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John Graden

John Graden

Executive Director

John Graden led the martial arts into the modern era by creating the first professional association, trade journal & instructors certification program.

Your Martial Arts Student Loss Ratio

 

Now that the first quarter is in the books, let’s find out what percentage of your student body that you lost from January 1st to March 31st.

1.  Start with the total number of active students as of January 1.

2.  Add to that the total number of new students who have enrolled year-to-date. 

3. Count the number of active students you currently have. An active student has attended class in the past two weeks.

Divide #3 above by the sum of #1 & #2. That is your retention rate as a percentage. For example, if you were to do this in April:

1. January 1 starts with 150 students

2.  New students January 1 to March 30 = 40

3.  150 + 40 = 190 students (this is 100-percent retention and zero loss)

4. Current active count = 165 students

5. 165 ÷ 190 = .86 or 86-percent retention or a 14% loss rate.

The shorter the period of time, the higher the percentage. Don’t be fooled into thinking you have an 86-percent retention rate year round. Most schools end up with around 50 percent for the year. You, of course, want to push it as high as you can but it has to be more than 50 percent to grow.

Notice Tyson’s hand is by his face, not his hip.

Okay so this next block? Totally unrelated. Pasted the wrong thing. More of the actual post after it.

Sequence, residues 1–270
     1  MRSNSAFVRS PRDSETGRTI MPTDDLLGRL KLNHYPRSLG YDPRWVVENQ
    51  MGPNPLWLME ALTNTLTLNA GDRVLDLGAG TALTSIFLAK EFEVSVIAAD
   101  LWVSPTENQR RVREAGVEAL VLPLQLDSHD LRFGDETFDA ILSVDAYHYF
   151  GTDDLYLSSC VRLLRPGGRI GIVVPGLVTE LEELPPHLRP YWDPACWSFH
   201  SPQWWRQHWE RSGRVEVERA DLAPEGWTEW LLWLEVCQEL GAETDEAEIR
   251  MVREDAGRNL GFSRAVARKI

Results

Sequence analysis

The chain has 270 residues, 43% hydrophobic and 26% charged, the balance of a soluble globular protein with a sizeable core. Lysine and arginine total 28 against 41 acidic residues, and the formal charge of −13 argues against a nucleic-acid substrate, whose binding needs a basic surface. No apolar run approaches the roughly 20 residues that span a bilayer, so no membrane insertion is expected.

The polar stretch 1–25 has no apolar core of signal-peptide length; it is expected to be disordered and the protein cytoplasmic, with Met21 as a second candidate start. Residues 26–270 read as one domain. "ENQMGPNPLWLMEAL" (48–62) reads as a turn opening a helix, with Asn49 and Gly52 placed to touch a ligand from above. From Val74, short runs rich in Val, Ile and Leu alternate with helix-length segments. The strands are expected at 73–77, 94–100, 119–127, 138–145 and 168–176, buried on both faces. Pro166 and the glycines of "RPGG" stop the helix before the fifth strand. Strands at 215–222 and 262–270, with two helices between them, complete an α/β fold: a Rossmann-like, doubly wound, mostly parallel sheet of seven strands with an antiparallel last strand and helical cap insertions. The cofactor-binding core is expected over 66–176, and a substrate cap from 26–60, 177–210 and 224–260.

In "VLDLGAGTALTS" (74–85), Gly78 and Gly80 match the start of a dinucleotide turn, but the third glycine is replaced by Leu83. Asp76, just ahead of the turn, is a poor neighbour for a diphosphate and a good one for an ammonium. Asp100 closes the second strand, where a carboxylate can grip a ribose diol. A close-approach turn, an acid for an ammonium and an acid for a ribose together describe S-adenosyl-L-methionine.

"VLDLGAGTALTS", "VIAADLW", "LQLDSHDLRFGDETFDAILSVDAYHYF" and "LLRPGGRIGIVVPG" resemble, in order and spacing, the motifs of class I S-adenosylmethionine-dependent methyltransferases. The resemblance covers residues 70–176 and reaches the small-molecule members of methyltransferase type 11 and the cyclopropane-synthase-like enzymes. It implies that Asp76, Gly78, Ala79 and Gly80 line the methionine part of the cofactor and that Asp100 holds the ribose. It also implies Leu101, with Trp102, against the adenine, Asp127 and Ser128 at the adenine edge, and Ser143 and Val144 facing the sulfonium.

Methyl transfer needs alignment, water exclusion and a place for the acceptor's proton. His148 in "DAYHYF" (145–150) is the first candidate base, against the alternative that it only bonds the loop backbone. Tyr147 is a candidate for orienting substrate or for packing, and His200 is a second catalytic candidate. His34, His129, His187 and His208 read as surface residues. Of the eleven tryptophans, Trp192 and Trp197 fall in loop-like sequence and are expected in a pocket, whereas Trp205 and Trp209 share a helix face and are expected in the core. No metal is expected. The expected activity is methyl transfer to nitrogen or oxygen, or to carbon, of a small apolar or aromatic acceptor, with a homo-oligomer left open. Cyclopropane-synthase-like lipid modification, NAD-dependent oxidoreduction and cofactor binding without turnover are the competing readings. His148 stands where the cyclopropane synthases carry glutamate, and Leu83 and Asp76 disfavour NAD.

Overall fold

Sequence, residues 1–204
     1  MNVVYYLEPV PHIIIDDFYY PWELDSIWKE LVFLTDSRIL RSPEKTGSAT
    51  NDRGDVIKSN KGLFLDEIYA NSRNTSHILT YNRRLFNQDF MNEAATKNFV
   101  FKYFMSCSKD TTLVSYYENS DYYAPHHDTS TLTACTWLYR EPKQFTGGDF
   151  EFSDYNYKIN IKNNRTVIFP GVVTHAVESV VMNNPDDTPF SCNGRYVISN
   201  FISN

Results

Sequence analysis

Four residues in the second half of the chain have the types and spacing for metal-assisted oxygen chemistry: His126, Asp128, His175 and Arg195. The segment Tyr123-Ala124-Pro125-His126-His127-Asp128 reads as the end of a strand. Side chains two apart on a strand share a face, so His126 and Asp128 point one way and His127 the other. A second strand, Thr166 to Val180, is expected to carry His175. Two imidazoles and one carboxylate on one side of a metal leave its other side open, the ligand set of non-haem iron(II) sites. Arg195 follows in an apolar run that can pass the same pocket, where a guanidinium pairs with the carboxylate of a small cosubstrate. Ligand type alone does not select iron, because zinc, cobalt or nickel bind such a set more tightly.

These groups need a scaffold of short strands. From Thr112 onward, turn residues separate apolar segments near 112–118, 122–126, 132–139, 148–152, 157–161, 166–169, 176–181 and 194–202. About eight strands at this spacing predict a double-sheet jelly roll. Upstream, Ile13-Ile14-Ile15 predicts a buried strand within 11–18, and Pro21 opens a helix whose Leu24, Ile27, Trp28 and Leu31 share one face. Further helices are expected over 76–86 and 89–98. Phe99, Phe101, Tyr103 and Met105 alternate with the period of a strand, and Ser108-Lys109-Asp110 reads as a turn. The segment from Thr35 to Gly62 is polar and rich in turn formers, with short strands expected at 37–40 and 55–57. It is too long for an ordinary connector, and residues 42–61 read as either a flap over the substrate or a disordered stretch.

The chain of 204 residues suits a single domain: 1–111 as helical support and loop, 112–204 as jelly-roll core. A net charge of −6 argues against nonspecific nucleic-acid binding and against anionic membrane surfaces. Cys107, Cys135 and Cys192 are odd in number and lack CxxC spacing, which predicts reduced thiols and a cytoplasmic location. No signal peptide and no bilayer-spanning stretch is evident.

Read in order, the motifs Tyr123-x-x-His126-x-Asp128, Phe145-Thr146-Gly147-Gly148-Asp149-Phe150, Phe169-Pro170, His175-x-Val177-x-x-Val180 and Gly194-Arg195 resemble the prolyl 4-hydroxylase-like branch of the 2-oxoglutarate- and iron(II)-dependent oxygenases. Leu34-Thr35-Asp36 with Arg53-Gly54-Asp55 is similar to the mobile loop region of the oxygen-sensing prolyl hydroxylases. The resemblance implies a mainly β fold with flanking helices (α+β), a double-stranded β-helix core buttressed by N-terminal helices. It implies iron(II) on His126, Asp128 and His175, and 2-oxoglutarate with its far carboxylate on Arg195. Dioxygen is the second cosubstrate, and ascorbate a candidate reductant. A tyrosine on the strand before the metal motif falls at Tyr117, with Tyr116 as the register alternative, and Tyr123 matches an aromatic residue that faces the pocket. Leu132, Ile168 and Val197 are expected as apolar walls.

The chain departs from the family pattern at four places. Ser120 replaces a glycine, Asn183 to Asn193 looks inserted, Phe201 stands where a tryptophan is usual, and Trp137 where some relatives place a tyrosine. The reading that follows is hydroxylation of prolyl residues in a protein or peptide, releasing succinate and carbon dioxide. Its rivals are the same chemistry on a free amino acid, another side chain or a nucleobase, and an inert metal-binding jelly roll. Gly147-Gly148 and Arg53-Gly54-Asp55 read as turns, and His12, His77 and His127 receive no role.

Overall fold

His chin is down instead of up.

His shoulder is up instead of pulled back.

His body is sideways to his opponent instead of squared off.

His legs are under his body not spread apart like he was riding a horse.

With this kind of form, he would fail his orange belt exam in most schools. 

How does that make any sense?

Sensei Tyson?

If Mike Tyson or a world champion kickboxer came to your school to teach your black belts. What do you think he would work on? Double punches, square blocks, and keeping your chin up?

I’m pretty sure he would emphasize head movement, how to snap your punches and a defense that does NOT include pulling your punch back to your hip.

I’m sure the students would learn advanced applications to adjust for different fighters. Notice I said advanced applications, not advanced strikes.

When you focus on application, you can apply that to almost any technique.

For instance, if the drill is about how to fight a taller fighter, the answer is more about footwork to stay on the outside until you can secure quick access. My brothers are 6′ 3″ and 6′ 4″ so I know something about fighting a taller opponent.

Drills that teach that application do not require complexity. They require simplicity.

The more complex a skill becomes, the less chance it can be used. Have you ever seen a double punch? Only in kata and here:

If you eliminated all kata and traditional skills, you could devote that time to drills and conditioning that would give your students a true advantage in sparring or self-defense.

Imagine teaching fewer skills that are easy to teach and learn than traditional skills and kata.

You could spend more time on the application of those skills rather than stepping up and down the classroom and holding blocks and punches out in the air, which leaves you wide open for a counterattack.

Rather than spending student’s time with the complexity and frustration of spending years perfecting the bad habits of pulling their hand back to their hip, keeping their chin up, aiming and holding a punch in the air, and blocking with power while stepping forward, your retention will improve. Your student quality will improve. Your curriculum consistency will improve.

This is the core of our white to black belt curriculum Empower Kickboxing.

It’s an old saying, but true. “Less is best.”

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